Rosenblum, L.P., Cheng, L., Zebehazy, K., Wall Emerson, R., & Beal, C.R., (2020). Teachers' descriptions of mathematics graphics for students with visual impairments: a preliminary investigation. Journal of Visual Impairment & Blindness, 114(3), 231-236.

"Many teachers of students with visual impairments also report that their students are often not able to use mathematics graphics independently" (Rosemblum, et al., 2020, p.231). Graphs, charts, and maps can be challenging for students with visual impairments to visualise without seeing directly. Moreover, these students also frequently report their falling behind in classwork or grades when compared with their sighted compatriots.

Description of these graphs, charts, and maps can be useful for students with a visual impairment to understand their content. However, the journal article by Rosemblum, et al. (2020) found there was great variation in the descriptions used by teachers to benefit these students. While one interpretation may view varied descriptions for varied people, a better analysis may be teachers' misunderstanding how to best interpret information to make it accessible for students with a visual impairment. The study also measured the number of questions used by teachers, also with great variation. The general consensus of this finding was that the more questions a teacher asked, the better the results of the student or students in question were.

However, the study's main findings pointed towards the need for teacher training to better understand how to follow existing guidelines in order to make graphs, charts, and maps accessible and understandable by students with a visual impairment. Furthermore, teachers should also learn how to ask questions which encourage thinking beyond the factual answer, for students to understand reasoning behind the information in graphs, charts, and maps. Roseblum, et al. concluded that understanding the underlying reasons behind a data set could aid in students' understanding of the data. Moreover, the active engagement and critical thinking which stems from these kind of questions can be more pivotal for lifelong mathematical ability than mere comprehension.

Wall Emerson, R. & Anderson, D.L., (2018). Using description to convey mathematics content in visual images to students who are visually impaired. Journey of Visual Impairment & Blindness, 112(2), 157-168.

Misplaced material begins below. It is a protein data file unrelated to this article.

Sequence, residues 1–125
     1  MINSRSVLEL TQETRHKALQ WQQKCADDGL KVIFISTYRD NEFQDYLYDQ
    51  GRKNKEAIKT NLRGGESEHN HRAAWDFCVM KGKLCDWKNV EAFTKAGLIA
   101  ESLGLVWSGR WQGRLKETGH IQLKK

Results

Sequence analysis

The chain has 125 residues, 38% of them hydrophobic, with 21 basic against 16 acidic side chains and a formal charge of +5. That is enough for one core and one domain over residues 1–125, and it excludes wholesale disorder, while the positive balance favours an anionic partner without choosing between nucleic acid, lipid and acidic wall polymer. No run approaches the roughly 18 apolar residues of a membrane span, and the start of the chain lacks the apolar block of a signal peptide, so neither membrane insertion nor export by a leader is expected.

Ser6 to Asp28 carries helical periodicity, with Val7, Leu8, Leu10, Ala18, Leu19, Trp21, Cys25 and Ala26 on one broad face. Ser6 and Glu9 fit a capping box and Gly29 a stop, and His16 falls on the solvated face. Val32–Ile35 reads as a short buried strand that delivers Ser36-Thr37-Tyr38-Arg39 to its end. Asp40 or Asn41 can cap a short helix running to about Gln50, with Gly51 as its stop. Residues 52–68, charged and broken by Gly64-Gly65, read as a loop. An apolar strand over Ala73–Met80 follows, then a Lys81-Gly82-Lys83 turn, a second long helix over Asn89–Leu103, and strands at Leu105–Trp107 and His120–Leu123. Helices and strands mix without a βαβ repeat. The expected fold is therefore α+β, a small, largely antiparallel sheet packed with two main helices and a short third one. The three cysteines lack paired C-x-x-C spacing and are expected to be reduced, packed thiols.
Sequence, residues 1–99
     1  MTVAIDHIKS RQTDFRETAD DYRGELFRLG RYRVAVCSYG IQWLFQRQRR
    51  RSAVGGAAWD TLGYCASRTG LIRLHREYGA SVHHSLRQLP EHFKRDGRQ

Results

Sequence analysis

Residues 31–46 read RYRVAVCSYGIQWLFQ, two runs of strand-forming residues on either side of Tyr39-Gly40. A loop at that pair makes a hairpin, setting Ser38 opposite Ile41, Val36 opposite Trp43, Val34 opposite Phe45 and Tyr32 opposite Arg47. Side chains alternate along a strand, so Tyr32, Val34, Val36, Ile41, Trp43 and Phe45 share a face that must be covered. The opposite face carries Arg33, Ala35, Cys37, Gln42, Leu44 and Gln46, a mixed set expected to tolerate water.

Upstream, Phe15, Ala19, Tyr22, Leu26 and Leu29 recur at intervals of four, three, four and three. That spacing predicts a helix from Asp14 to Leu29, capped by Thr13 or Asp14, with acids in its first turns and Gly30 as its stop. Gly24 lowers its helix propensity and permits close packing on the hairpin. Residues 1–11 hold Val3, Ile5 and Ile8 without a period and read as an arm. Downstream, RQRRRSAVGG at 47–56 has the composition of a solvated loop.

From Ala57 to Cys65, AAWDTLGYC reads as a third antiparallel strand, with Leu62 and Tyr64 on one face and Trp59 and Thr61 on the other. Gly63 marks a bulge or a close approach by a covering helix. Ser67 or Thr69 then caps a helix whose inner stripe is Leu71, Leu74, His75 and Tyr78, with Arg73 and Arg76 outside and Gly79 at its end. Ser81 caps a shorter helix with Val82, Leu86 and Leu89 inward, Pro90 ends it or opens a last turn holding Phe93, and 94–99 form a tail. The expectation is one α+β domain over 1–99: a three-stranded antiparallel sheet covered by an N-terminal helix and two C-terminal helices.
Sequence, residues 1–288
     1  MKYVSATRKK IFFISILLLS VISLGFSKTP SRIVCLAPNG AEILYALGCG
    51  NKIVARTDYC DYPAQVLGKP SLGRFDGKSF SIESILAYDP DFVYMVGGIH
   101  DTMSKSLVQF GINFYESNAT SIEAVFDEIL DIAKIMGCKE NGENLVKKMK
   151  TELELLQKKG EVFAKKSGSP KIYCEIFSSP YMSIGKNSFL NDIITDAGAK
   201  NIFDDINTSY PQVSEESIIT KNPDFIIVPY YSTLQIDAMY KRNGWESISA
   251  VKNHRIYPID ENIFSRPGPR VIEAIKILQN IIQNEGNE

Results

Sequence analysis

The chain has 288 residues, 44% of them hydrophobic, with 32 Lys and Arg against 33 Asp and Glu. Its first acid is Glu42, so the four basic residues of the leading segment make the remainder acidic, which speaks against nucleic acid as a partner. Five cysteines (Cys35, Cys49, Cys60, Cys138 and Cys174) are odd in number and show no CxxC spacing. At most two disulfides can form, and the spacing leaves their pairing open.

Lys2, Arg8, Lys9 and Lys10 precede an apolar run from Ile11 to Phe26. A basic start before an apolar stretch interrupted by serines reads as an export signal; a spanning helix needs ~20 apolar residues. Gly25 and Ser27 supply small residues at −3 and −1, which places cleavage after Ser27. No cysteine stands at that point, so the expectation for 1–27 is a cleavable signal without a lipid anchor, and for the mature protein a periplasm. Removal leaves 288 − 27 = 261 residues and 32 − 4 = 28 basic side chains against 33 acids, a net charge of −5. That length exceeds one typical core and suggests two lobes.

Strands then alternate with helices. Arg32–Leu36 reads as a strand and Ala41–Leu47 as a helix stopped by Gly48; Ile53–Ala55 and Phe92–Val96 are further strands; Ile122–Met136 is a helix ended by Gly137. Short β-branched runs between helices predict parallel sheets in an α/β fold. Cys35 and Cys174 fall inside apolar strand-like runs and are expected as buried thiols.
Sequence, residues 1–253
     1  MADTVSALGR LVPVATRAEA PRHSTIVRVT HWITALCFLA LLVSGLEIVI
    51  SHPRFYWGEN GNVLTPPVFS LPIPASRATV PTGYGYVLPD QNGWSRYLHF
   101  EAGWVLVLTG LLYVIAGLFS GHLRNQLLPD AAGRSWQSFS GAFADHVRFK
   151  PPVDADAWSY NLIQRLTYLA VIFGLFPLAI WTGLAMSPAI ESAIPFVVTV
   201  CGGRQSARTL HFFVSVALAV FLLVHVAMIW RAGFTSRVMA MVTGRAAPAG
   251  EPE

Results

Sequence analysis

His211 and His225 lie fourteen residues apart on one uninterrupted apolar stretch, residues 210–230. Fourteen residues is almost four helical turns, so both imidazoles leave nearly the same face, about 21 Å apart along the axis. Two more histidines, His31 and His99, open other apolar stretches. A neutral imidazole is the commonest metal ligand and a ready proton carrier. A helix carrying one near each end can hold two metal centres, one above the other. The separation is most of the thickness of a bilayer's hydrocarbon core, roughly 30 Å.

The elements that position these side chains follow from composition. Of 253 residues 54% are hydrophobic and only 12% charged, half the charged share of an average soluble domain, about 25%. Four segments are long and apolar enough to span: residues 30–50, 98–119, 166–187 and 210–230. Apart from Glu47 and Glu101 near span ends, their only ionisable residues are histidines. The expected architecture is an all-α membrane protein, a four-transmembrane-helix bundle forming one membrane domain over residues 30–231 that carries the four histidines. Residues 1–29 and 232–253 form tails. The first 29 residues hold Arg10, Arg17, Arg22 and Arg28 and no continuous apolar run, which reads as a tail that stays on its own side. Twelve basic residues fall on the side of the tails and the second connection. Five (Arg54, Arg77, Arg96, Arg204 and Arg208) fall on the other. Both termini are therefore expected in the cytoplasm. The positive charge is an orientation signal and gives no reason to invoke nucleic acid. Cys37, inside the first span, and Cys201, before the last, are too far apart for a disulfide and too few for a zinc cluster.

Mathematics in certain contexts is heavily laden with graphs, maps, and other pictures. Wall Emerson and Anderson (2018) suggest this reliance on visual media makes access to mathematics inaccessible to students with a visual impairment. Further use of these types of media in the classroom should be monitored and carefully used to facilitate the participation of all students to the best of their ability.

In their findings, Wall Emerson and Anderson (2018) found that for most images of graphs and maps, the description provided alongside the image - either by the teacher or by the accessible book - was just usable by the student with a visual impairment. However they also found for some pictures no amount of description was sufficient for covering the content conveyed in the graph or map. Moreover, over any period of time, students with a visual impairment may be unaware of the breadth of content they miss through unintentional ignorance. Thus, the implication from this finding is that content taught by the classroom teacher should have the capability to be described and viewed by all students in the classroom, including those with a visual impairment.

Furthermore, Wall Emerson and Anderson (2018, p.157) say, "Materials should be provided in several formats simultaneously so students can approach material in the mode that fits their needs in a variety of contexts." This means content surrounding graphs and maps should not just originate from a paper or digitised graph or map; these maps and graphs can originate from real-world experiences which are familiar to the students. Also, Braille, Large Print, and Digitised versions of graphs and maps often contain detailed errors which can inhibit students' participation. So all students should have access to the same graph or map in the way they view and understand best.

In conclusion, teachers should plan to provide all students with multiple ways of viewing the same source of graphs and maps, with a focus on the students' initiative and growth.